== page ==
9:20 a.m. PST: Ozzie is summing up, telling people to bet on Microsoft. "When thinking about the experience part of your apps, bet on Windows, bet on Windows 7," Ozzie said. You should also bet on Azure.

"These services are ready for business now," Ozzie said.

Finally, he said, pay attention to all the data that we can now gather.

"Our world and our systems are increasingly wired with sensors, recording tons of data," Ozzie said. But, he said, "this data does no good unless we turn the potential into the kinetic...Let's dream and then let's build."

9:23 a.m. PST: Ozzie is done, handing off to Bob Muglia, president of Microsoft's Server and Tools business.

Muglia begins by trying to explain what is generally understood by the cloud.

"We're all learning together, but one thing that has become really clear is the cloud is more than about infrastructure," Muglia said. "It's also about an application model."

9:25 a.m. PST: Bing runs on more than 100,000 servers. That would be too much to manage using standard server management, Muglia said. The human cost would be too high. Instead, it has an "autopilot" management system.

"When things fail, they just go offline," Muglia said.

9:35 a.m. PST: We're off in geekland now. Don Box, a distinguished engineer at Microsoft, and Chris Anderson, a partner architect at Microsoft, have started coding. I'm pretty sure that most of the people who can understand what they are saying are in this auditorium. (And I'm not one of them.)

9:50 a.m. PST: OK, coding time is over. Muglia is back showing various customers including Kelley Blue Book and Domino's Pizza. Domino's says Azure is nifty because it has peak demand on Super Bowl Sunday that is twice that of any other day.

9:55 a.m. PST: Muglia announces Project Sydney, which allows businesses to connect their own servers with services that are running on Azure. Sydney will be in beta next year.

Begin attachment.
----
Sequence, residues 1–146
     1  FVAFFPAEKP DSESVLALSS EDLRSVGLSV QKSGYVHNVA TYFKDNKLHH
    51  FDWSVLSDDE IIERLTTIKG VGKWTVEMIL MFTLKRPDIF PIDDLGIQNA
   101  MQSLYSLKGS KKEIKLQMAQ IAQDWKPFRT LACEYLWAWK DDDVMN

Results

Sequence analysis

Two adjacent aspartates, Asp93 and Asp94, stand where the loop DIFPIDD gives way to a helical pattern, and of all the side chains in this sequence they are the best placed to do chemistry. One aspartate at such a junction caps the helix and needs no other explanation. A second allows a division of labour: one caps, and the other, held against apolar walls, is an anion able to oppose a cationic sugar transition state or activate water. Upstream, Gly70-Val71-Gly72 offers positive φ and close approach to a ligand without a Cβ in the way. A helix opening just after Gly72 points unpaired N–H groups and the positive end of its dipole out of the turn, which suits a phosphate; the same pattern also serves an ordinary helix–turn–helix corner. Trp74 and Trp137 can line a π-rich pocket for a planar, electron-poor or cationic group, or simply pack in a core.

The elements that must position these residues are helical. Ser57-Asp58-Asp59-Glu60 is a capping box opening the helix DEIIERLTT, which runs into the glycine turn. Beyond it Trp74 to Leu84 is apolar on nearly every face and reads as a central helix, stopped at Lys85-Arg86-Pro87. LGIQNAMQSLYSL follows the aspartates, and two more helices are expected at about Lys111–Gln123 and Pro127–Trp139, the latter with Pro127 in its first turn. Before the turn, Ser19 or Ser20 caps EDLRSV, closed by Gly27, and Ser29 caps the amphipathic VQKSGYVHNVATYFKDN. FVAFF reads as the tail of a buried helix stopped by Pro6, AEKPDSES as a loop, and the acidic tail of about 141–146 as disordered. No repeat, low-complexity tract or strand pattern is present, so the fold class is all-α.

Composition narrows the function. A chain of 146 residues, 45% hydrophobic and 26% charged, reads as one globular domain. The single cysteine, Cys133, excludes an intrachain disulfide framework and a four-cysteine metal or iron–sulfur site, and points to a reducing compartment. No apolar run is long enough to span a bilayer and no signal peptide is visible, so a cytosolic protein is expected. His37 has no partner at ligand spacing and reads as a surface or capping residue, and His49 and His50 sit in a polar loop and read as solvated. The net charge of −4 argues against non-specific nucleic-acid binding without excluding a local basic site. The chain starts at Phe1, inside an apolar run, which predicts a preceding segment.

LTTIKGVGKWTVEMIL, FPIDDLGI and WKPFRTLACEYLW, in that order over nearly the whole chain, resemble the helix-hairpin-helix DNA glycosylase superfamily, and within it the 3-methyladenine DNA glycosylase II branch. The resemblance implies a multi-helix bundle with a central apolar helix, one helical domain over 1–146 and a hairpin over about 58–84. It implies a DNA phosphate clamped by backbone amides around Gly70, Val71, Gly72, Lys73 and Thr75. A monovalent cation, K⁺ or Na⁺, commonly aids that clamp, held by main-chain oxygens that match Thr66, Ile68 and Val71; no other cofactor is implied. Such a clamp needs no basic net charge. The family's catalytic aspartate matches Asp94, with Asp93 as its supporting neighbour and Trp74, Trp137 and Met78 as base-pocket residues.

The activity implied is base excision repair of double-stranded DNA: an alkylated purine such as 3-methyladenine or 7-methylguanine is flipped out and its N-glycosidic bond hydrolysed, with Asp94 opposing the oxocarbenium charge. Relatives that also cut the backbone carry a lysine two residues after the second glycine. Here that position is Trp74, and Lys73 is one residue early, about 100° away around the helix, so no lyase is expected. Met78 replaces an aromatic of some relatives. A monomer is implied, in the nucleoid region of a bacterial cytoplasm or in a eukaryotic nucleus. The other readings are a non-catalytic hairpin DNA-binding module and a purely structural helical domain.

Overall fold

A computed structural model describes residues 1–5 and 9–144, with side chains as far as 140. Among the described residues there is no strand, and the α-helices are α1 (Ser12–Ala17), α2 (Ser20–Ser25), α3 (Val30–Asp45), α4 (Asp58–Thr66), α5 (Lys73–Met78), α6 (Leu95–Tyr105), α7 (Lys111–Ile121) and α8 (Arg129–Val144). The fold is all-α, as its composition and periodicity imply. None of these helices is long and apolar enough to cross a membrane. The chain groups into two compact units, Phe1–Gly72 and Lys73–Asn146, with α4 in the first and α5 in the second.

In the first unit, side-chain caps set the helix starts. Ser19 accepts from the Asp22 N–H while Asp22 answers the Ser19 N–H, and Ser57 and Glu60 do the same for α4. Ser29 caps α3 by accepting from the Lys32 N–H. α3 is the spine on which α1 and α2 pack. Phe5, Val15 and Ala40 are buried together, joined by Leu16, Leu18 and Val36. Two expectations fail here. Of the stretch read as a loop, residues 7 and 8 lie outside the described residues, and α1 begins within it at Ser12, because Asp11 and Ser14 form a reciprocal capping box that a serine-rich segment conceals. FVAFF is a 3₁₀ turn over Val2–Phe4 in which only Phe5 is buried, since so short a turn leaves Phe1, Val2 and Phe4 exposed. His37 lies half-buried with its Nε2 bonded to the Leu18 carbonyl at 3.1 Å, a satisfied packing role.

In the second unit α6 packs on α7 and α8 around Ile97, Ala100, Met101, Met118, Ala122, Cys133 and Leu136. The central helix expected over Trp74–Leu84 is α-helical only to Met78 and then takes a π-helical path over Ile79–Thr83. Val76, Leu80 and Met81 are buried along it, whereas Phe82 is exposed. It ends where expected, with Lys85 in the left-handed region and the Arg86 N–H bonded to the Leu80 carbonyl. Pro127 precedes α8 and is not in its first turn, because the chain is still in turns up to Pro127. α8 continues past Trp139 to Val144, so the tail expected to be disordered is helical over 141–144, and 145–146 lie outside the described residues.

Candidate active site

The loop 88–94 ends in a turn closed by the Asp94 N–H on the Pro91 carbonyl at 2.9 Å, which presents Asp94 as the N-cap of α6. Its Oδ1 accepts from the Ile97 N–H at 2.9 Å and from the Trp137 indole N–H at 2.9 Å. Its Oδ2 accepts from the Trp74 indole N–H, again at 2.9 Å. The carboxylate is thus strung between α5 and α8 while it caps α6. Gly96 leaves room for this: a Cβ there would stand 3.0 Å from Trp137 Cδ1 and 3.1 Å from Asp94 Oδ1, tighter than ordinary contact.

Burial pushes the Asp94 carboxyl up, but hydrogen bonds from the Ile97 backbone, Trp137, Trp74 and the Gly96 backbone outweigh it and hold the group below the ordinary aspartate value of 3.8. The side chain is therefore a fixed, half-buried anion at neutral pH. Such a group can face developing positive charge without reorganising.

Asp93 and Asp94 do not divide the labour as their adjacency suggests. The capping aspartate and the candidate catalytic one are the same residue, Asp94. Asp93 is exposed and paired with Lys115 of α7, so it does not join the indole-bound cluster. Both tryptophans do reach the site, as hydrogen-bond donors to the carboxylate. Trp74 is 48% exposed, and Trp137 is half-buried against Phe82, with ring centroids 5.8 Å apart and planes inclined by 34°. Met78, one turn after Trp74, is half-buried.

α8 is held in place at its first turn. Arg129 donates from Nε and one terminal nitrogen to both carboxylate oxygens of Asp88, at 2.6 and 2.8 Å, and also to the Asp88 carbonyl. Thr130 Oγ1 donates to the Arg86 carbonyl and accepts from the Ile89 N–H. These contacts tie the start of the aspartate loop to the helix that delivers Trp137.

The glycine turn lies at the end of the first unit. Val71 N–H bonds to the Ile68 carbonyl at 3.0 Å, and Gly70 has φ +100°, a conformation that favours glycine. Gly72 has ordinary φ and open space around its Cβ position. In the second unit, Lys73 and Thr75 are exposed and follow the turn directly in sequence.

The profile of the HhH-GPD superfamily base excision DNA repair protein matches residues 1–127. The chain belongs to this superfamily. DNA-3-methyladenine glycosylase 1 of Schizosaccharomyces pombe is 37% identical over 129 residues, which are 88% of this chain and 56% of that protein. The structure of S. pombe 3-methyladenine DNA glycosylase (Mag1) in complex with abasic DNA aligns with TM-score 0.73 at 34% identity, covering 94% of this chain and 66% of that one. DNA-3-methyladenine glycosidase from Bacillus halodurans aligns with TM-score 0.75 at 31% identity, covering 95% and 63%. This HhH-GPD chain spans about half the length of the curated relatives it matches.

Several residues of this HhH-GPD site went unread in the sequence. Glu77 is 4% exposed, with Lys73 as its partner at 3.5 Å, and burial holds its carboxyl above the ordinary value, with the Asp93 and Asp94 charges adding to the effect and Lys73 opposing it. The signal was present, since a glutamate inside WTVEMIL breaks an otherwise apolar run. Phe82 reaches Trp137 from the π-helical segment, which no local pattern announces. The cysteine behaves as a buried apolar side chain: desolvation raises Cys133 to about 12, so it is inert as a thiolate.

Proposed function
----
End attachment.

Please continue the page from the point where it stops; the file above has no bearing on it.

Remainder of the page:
Muglia said Microsoft has been working on Sydney for a while, understanding that businesses are going to continue to run services in-house and need to connect those to the broader cloud.

10:00 a.m. PST: Muglia also is announcing a beta of an application server for Windows Server called AppFabric. The system will be available in beta next year for Azure as well. (AppFabric combines hosting and caching technologies previously code-named Dublin and Velocity, Microsoft said.)

Microsoft also plans to offer Windows Server virtual machine support next year, Muglia said.

10:03 a.m. PST: Microsoft's press release for the Day 1 keynote is out. Among things I haven't mentioned, Microsoft has finalized the code for its Windows Identity Foundation and is announcing the beta of ASP.Net MVC2 (now that's a mouthful).

10:30 a.m. PST: Muglia is wrapping up. Reiterates that Visual Studio 2010 is coming in the first half of next year. An updated version of System Center that helps manage private clouds and helps start to span into hosted and public cloud environments will be in beta next year.

Muglia also clarifies that Azure's second European and both Asian data centers will come on line next year.

"We're investing in this infrastructure all around the world so you don't have to," Muglia says,

Keynote ends.